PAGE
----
Connecting state and local government leaders
Infrastructure was the top investment priority for communities of all sizes, followed by replacing lost public sector revenue, according to a recent report.
Infrastructure was the top investment priority for communities of all sizes, followed by replacing lost public sector revenue, according to a report by ICMA. Within the infrastructure category, the most anticipated project concerns were water and sewer infrastructure, prioritized by 74% of respondents.
While many local governments continue to gather information and explore potential investments, some have taken steps to launch or advance initiatives made possible with fiscal recovery funds. Some examples the ICMA report includes are:
Household relief funds are helping improve low-income homes. Kenmore, Washington is a nonentitlement unit with a population of 23,000 anticipating $6 million in federal recovery funds. With these funds, officials plan to address the negative economic impacts of the pandemic. The city will also dedicate $1 million toward direct assistance to low-income households at 30% or below the area median income.
Varying approaches to regional broadband. In the Lake Cities region of Texas, four smaller municipalities (Corinth, population 22,000; Hickory Creek, population 4,600; Lake Dallas, population 8,000; and Shady Shores, population 2,800) have been working together and planning around broadband issues. With the funds, the cities hope to establish a middle mile/government service fiber ring, and have issued a request for a proposal for a public-private partnership, extending connections to their residents and businesses.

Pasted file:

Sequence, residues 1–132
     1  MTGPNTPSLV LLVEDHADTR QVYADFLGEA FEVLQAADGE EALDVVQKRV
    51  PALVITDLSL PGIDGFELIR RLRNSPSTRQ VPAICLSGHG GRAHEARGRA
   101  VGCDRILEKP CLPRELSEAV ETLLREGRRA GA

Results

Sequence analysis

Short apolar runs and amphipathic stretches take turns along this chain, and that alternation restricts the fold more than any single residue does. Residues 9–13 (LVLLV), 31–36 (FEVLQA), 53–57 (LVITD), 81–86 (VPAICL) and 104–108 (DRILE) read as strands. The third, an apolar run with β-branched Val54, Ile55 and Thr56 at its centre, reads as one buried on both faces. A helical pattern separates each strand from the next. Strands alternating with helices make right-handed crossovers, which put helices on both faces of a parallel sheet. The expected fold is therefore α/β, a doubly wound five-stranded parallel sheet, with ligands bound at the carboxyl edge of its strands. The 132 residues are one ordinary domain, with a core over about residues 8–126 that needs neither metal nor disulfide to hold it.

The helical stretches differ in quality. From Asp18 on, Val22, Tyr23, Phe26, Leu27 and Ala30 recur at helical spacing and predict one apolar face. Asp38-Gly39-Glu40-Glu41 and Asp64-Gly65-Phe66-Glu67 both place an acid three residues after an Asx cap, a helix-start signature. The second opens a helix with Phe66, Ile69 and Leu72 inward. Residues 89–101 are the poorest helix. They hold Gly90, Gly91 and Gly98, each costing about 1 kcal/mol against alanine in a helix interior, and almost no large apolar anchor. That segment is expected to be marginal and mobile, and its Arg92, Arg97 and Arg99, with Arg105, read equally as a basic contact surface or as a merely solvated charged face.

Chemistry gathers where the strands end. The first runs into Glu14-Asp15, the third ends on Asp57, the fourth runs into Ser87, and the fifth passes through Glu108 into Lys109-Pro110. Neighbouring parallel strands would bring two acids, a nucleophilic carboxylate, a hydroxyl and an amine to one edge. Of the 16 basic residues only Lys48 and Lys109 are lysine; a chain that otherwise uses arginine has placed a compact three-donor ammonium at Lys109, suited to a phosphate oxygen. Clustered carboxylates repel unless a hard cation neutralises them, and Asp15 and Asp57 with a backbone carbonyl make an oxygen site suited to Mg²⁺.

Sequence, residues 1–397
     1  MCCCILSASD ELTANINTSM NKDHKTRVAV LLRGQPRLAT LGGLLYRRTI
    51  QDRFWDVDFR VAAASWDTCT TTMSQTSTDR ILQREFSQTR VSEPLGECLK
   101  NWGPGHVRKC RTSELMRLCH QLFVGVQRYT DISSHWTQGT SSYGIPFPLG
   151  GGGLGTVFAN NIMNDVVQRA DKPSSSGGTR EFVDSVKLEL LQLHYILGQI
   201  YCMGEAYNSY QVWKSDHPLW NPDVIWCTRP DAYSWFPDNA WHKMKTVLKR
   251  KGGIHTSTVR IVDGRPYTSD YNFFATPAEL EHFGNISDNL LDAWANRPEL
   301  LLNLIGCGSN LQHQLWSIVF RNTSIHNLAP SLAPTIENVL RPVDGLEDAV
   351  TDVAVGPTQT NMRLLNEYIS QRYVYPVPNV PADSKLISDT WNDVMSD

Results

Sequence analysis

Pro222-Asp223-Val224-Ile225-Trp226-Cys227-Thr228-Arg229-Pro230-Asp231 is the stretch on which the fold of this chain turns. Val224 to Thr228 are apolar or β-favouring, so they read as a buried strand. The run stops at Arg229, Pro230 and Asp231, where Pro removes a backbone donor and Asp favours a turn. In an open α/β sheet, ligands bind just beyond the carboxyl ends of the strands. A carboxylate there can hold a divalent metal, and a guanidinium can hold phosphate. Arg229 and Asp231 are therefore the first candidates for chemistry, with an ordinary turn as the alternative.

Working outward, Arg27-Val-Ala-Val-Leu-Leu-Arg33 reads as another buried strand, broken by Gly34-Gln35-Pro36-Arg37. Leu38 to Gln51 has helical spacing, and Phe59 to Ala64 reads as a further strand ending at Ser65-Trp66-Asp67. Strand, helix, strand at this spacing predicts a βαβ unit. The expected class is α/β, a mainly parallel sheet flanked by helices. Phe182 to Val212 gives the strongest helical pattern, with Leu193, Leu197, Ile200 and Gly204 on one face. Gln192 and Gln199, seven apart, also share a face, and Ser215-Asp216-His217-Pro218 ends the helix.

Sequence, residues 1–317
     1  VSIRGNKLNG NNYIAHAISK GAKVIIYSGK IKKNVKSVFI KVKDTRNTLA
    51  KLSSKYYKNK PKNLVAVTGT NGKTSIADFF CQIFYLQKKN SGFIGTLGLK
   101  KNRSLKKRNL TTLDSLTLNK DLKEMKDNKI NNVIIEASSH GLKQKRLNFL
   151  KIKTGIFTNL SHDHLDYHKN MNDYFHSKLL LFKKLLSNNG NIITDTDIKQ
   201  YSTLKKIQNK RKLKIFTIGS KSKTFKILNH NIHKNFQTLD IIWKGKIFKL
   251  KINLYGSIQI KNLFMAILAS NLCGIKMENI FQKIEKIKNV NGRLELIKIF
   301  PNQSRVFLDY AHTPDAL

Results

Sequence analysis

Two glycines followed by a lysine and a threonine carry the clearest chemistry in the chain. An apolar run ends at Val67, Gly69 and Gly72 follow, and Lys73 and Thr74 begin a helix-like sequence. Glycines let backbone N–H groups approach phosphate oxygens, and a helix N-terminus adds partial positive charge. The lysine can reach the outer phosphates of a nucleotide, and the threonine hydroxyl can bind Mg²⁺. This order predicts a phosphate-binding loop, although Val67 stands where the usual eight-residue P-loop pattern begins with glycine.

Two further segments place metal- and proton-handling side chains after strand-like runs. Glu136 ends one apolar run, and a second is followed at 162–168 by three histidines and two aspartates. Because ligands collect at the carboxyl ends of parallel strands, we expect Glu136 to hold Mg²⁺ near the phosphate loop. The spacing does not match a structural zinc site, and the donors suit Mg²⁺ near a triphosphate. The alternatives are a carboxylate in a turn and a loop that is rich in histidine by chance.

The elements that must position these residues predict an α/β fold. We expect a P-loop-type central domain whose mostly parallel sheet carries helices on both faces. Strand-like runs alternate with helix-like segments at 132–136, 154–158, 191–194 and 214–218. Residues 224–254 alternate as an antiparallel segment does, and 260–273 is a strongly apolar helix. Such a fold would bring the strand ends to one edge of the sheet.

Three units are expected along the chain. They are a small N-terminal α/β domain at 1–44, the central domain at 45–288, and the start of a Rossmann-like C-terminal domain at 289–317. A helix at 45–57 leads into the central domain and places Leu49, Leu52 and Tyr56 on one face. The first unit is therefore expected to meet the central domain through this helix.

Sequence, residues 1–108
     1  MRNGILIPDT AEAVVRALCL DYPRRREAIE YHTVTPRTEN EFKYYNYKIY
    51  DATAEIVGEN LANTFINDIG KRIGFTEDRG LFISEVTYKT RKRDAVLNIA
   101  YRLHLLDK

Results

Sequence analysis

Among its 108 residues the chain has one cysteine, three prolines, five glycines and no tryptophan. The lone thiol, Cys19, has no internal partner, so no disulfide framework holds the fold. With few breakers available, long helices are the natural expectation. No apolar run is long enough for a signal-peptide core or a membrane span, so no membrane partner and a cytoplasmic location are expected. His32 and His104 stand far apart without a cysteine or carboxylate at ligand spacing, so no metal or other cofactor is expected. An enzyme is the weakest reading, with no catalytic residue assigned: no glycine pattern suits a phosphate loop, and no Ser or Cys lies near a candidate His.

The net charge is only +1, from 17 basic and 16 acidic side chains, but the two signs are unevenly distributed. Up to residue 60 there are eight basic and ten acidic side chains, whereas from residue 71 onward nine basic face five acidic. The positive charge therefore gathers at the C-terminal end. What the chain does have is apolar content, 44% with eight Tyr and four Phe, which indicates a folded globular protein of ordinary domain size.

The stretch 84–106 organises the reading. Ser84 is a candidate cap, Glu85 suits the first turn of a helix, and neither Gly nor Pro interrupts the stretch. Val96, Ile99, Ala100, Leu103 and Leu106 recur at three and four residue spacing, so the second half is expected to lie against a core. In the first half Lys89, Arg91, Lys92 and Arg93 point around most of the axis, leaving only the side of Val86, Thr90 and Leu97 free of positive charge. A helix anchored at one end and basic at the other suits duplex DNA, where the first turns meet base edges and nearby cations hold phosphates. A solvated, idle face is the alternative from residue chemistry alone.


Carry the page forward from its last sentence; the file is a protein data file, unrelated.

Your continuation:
Investing in community resiliency. Davenport, Iowa, with a population of 102,000, received a $40 million direct allocation, and plans on utilizing public feedback and a city council prioritization process. In July, the city council approved a plan that included investments in flood migration, housing for vulnerable residents, youth-oriented programming, park and public space improvements and other infrastructure projects.
In some states, officials are using the money to help the travel and hospitality industries rebound from the economic downturn brought by the pandemic. For example, Alaska Gov. Mike Dunleavy has proposed spending 15% of the $1 billion the state will receive on tourism-related initiatives. Spending would include “industry relief to promote tourism and adapt services for potential loss of cruise ship season,” according to his proposal.
Other states and localities still are considering how to use their funds while some small towns are not accepting the cash because they say they either don’t need it or don't want the burden of reporting to the federal government how they are using it.
ICMA surveyed local government chief administrative officers about their priorities for using the ARPA funds, based on available guidance as of September 2021. More than 530 town, city and county managers responded, with two-thirds of responses coming from communities with 25,000 or fewer residents, according to the report.
For more information from the ICMA report click here.
Andre Claudio is an assistant editor at Route Fifty.